Is it true that in the federal program my expenses couldn’t be more than $5,950 in a year?
Out-of-pocket expenses are capped annually at an amount specified by law—currently $5,950 for a single person and $11,900 for a family of two or more. But the phrase “out of pocket expenses” means deductibles and copayments. It does not include premiums.
Can I get coverage for my family under the federal plan?
Every member of your family who meets the conditions (uninsured for six months, having a qualifying medical condition, being a U.S. citizen or legal resident) can apply as an individual. If accepted, each person must pay the premium required according to his or her age group. There are no special rates for family coverage.
Would the federal plan cost less than insurance I could buy through my state’s existing high-risk pool program?
Probably, but not necessarily. The law specifies that premiums for the federal plan can be no higher than the standard premium in the state for individually purchased insurance available to people who are both healthy and unhealthy. In contrast, state high-risk pools—which by definition only have enrollees with preexisting conditions and therefore higher medical costs—may charge premiums considerably higher than this standard. On the other hand, some state pools offer subsidized premiums to enrollees with income below certain levels. Enrollees in the federal plan receive no subsidies, no matter how low their income. So it’s important to compare the federal plan with whatever plans your state already offers.
What if I’m not eligible for the federal program?
If you live in a state that already has its own high-risk pool, you should find out if you qualify for that program. Eligibility rules, costs and benefits vary widely among these state plans. For example, some offer immediate coverage for preexisting conditions, whereas others exclude them from coverage for the first six or 12 months in the plan. And some states do not make it a condition that applicants must have been uninsured for the previous six months. The National Association of State Comprehensive Insurance Plans’ website provides a list of state high-risk pools, with contact information. Some state pools, however, already have a waiting list.
I currently pay for my own insurance, but the cost is crippling me. Can I drop this insurance, wait for six months and then apply for the federal program?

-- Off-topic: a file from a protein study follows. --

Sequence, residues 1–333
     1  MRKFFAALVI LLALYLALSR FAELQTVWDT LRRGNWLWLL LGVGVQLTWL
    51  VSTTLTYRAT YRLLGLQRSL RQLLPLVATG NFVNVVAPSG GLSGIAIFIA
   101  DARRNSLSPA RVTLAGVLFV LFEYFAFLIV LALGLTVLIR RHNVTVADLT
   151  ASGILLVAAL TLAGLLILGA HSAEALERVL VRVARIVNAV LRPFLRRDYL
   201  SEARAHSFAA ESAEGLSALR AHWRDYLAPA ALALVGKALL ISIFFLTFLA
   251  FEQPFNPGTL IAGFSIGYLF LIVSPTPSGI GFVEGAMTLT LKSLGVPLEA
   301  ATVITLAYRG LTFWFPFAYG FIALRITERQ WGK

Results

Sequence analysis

You could, but it would be very risky. Going without health coverage for six months could be disastrous if you suffered a serious illness or injury during that time. But another point to consider is that funding for the federal program in each state is limited, and once the money dries up the enrollment lists will be closed. So if a great many people in your state enroll in this program at the start, there’s a risk that it might not be available to you by the time you become eligible to apply.
What if I enroll in the program but federal funding to my state dries up well before 2014?
Nobody yet knows the answer to this question. Among other reports, the Congressional Budget Office has forecast that the $5 billion funding will “not be sufficient to cover the costs of all applicants” and “will probably be exhausted prior to 2013” if more than 200,000 people across the country sign up. If that happens, people already enrolled in their state’s federal plan would not necessarily see their coverage suddenly end. It’s more likely that the states—which have had to calculate how many people can be covered under the benefit packages they designed—would freeze enrollment and place new applicants on wait lists.
What happens when this program ends?
When the main provisions of the new health care law go into effect on Jan. 1, 2014, the high-risk pool program will become obsolete. You’ll be able to go through a health insurance exchange in your state to choose coverage from a menu of different plan options. Insurers will no longer be permitted to deny coverage based on health status or preexisting medical conditions. If your income is below a certain level, you’ll be eligible for a government subsidy to help you pay the premiums.
Patricia Barry is a senior editor of the AARP Bulletin who writes about Medicare and health policy issues.